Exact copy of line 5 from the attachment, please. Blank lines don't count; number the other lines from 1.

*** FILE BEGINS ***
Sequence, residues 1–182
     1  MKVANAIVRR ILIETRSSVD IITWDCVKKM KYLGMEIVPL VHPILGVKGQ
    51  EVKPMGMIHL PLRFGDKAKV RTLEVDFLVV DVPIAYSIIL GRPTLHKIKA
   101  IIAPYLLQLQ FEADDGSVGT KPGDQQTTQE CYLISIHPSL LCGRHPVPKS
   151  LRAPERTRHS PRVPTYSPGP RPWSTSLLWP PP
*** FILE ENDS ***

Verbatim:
   151  LRAPERTRHS PRVPTYSPGP RPWSTSLLWP PP